pathogen


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pathogen

 [path´o-jen]
any disease-producing agent or microorganism. adj., adj pathogen´ic.

path·o·gen

(path'ō-jen),
Any virus, microorganism, or other substance causing disease.
[patho- + G. -gen, to produce]

pathogen

/patho·gen/ (path´ah-jen) any disease-producing agent or microorganism.pathogen´ic

pathogen

(păth′ə-jən)
n.
An agent that causes disease, especially a virus, bacterium, or fungus.

pathogen

[path′əjən]
Etymology: Gk, pathos, disease, genein, to produce
any microorganism capable of producing disease. pathogenic, adj.

pathogen

Any disease-producing microorganism.

pathogen

Popularly, bug Any disease-producing microorganism. See Blood-borne pathogen, Emerging pathogen, Food-borne pathogen, Intracellular pathogen, Water-borne pathogen.

path·o·gen

(path'ŏ-jĕn)
Any virus, microorganism, or other substance that causes disease.
[patho- + G. -gen, to produce]

pathogen

Any agent that causes disease, especially a micro-organism.

pathogen

or

pathogene

any organism that causes disease, such as a virus, bacterium or fungus.

Pathogen

Any disease-producing agent or microorganism.

pathogen

microorganism (bacteria, fungus or virus) capable of overcoming host resistance, to cause disease

path·o·gen

(path'ŏ-jĕn)
Any virus, microorganism, or other substance causing disease.
[patho- + G. -gen, to produce]

pathogen (path´ojən),

n a microorganism responsible for causing disease.
pathogen, opportunistic,
n an infectious agent that can only cause disease when the host's resistance is low.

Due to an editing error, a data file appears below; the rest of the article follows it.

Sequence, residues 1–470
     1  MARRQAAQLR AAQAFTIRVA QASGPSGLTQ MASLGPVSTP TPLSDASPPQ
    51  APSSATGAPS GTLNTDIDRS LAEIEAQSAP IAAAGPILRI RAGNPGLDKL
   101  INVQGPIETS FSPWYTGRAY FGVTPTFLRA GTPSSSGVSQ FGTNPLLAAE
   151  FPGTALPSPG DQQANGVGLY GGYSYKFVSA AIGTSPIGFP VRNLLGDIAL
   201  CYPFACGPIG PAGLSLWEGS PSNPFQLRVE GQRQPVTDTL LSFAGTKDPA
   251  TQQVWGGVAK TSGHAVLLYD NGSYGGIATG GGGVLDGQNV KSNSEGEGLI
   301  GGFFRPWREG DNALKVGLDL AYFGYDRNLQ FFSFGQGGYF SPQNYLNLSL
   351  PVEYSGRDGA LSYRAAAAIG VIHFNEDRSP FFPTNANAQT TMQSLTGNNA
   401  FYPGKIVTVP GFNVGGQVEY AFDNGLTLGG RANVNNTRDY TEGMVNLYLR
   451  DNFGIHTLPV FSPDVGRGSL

pathogen

any disease-producing agent or microorganism.

pathogen risk factors
risk factors dependent on the characteristics of the pathogen, e.g. virulence or persistence in the environment of a bacterium or virus.
References in periodicals archive ?
Human activities may also be a source of wildlife infection, which could create new reservoirs of human pathogens.
For example, before applying manure to the fields, farmers must compost or treat it to remove pathogens.
0 for those with only exposure to oral pathogens, said Dr.
For example, a treatment was classified as a failure if any sign of residual infection remained in a patient who did not undergo follow-up testing to determine whether the residual bacteria represented the original pathogen or a new organism.
Nestle tries to justify yoking the two issues by claiming that the debate over GM foods, like that over foodborne pathogens, is at the root of a debate over food safety.
Contact with urine and stool should be avoided, because other pathogens (such as CMV or diarrhea causative agents) can be spread via these fluids.
A review of the literature suggests that, in terms of risk, significant concentrations of human pathogens could be expected in sludges applied to agricultural land.
Luckily, barberry is extremely rare in this country, and there is no evidence that it has played any role in creating new strains of the pathogen.
They have published widely on the control of foodborne pathogens.
Decades ago, scientists began wondering how breast milk stops the pathogens that cause diarrhea.
Much more research is needed on wastewater and on treatment to control pathogen risks.
If approved, the Intercept Platelet System will be the only system commercially available to enhance the safety of platelet transfusions through pathogen inactivation.